The iKettle bills itself as “the world’s first Wi-Fi kettle,” which lets you “boil your kettle with your smart phone, anywhere in your home.” (Okay: you’re really not boiling your kettle with your smart phone, unless it’s one of the Samsung exploding Galaxies. You’re setting the kettle to boil, thank you.)

A Wi-Fi tea kettle. Because, you know, it’s just such a strain to have to walk into the kitchen and either put the kettle on the burner or turn on your electric tea kettle. After I burnt out the aluminum bottom of my whistling stovetop tea kettle, covering the burner with big drips of molten aluminum, I started using the electric tea kettle. And it’s great.

But an electronic tea-kettle? Really?

I’m not jumping up and down in anticipation of the Internet of Things (IoT). Sure, controlling your HVAC or security system: righteous applications! But do we really need a fridge that sends us a smartphone alert when there’s only a gulp of milk left in the bottom of the bottle? Do we really need a tea kettle with embedded sensors that we can control from afar? Maybe everything that can be embedded will be embedded. Maybe everything that can be connected will be connected. Strike those maybes. Everything that can be embedded and connected will be. In fact, a new term for the IoT is starting to come into use. In some circles, it’s now the Internet of Everything.

But when it gets down to the tea kettle level, it sure sounds like technology in search of an use, not the other way around.

Meanwhile, British techie Mark Rittman decided to buy a Wi-Fi tea kettle. And then proceeded to try out his Wi-Fi tea kettle.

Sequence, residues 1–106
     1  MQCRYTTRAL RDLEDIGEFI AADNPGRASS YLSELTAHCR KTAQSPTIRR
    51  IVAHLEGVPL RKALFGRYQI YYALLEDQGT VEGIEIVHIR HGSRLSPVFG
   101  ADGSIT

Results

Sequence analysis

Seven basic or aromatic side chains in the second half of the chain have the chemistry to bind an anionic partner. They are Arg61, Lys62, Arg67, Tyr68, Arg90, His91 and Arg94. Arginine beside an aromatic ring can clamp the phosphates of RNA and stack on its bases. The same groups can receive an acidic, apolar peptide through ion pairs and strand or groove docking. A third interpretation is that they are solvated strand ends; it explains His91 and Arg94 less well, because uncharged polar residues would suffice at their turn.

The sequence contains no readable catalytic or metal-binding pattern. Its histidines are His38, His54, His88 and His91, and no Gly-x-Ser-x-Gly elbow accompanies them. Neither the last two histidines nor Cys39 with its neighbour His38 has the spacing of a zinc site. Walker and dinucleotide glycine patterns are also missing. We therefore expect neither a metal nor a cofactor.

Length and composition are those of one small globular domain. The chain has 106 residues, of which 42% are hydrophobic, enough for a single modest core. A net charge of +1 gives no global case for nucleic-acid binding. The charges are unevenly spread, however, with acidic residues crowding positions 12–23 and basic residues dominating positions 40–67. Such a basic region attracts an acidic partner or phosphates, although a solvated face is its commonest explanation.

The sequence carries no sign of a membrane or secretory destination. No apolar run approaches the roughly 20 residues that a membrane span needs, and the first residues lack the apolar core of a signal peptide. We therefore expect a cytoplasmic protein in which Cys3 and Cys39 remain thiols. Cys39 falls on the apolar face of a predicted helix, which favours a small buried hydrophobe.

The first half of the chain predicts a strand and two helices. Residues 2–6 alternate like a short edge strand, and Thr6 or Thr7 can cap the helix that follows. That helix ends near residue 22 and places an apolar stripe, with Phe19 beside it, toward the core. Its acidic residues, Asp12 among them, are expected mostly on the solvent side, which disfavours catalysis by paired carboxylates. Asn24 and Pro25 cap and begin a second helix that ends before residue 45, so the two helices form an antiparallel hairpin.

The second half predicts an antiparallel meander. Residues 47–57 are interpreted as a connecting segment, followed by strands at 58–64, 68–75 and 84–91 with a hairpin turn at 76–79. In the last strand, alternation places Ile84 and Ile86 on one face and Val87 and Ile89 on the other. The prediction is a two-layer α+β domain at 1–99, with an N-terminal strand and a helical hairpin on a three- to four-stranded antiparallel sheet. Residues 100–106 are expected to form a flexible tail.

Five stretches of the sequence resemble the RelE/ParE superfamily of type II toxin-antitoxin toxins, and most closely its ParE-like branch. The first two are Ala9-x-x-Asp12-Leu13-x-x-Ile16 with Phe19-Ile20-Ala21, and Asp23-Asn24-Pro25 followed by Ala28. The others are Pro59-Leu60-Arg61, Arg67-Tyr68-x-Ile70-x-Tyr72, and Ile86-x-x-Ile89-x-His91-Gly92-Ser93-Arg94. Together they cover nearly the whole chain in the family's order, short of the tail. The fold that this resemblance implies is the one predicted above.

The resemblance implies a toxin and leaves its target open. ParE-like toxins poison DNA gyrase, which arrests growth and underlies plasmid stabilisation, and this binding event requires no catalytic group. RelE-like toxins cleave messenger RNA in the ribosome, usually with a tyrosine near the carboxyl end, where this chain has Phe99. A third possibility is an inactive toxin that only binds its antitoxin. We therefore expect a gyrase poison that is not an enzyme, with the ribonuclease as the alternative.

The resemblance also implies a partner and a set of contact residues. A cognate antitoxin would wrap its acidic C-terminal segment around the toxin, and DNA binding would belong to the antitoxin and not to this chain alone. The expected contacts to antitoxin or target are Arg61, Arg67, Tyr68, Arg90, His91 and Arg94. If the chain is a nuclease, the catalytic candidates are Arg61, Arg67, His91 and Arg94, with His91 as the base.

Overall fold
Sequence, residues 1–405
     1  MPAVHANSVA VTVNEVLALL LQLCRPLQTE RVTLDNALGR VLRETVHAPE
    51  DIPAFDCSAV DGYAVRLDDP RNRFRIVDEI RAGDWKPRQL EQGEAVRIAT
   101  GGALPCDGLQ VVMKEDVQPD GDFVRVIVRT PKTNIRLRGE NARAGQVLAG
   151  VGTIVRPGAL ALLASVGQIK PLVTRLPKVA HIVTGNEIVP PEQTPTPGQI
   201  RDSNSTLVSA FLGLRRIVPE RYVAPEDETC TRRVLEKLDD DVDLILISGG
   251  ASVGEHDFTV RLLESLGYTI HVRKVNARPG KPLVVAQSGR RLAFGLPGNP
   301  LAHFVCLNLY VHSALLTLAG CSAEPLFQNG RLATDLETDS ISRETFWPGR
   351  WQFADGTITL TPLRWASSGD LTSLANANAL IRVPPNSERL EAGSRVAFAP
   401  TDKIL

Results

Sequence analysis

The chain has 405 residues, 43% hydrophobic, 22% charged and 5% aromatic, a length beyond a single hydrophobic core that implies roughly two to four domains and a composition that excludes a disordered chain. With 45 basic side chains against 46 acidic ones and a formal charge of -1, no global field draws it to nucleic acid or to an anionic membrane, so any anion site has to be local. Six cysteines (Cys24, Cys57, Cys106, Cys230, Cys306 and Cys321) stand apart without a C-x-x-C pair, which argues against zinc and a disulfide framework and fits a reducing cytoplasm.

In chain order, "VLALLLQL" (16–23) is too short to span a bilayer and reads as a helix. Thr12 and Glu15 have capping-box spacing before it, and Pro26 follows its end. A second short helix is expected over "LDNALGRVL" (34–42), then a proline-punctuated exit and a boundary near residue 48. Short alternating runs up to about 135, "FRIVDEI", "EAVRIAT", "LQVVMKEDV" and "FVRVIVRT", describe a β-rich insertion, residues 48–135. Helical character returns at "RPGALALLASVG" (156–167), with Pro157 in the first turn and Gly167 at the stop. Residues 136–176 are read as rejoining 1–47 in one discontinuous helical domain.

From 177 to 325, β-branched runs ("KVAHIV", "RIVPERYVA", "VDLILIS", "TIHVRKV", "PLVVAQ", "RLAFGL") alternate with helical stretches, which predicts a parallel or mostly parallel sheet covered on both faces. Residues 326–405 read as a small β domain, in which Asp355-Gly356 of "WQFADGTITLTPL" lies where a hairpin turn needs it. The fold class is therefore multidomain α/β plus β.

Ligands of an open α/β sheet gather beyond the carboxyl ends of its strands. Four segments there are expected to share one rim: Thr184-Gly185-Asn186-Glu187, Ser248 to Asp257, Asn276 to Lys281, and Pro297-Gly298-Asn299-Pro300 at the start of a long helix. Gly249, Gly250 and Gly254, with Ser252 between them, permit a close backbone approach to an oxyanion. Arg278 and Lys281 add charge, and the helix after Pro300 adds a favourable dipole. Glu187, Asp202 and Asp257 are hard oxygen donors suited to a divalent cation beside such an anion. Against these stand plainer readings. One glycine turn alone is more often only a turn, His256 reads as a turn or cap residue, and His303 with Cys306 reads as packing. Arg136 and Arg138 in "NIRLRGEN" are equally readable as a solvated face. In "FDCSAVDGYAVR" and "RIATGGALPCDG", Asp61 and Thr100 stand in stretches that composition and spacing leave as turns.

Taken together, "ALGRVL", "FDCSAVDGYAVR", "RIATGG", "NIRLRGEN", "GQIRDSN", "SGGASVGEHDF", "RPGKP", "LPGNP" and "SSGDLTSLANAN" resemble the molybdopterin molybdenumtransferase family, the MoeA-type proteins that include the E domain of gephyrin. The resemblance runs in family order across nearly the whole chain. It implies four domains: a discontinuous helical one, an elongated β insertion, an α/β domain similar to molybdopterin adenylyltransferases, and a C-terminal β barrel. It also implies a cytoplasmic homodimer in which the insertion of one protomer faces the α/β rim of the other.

It sounded simple enough, but — as Rittman had to integrate the iKettle into his already very well-connected home — it didn't quite go according to plan. (Source: Mashable)

So he live-tweeted throughout the 11 hours it took him to make himself a cuppa. (It’s definitely worth giving the Mashable article a glance. Perhaps while your watched pot is coming to a boil.)

IoT devices will get easier to use over time. But unless and until IoT-ing becomes as easy as using a phone, all these nifty, why-not IoT devices won’t reach anywhere near mass adoption. No one other than a die-hard techie would have the fortitude to devote 11 hours to setting up a tea kettle. But for the time being, this is what you may encounter if you really don’t want to get up from the couch and make yourself a cup of tea.

Let me know when there’s an app that will fill the kettle with fresh water, turn it on, pour it over a tea bag in the mug I want to use now – maybe the Moody’s Diner one, for a change - let it steep, add milk and sugar, and bring it to me. Oh, and how about getting me a biscotti to wash down while you’re at it.

That does it. I’m now in search of a cup of Irish Breakfast and a cookie. But I’m doing it the old fashioned way – electric, not electronic.

And I raise my cup to my brother-in-law, Rick, for sending this article my way.

Thursday, October 20, 2016

Duck, duck, duck, goose

Two of the places where I walk most frequently, the Boston Public Garden and the Esplanade (along the Charles River) are overrun with Canada geese. Now I have nothing against Canada geese in the abstract. They look nice on Christmas cards with a wreathe around their necks and all that. But up-close and personal,canadagoose_tcm9-18252 these are some nasty little ol’ critters.

They saunter around like they own the place, right in my path. And while I don’t exactly own the place, I am a taxpayer. So I more or less help pay for the place. Which Canada geese most decidedly do not.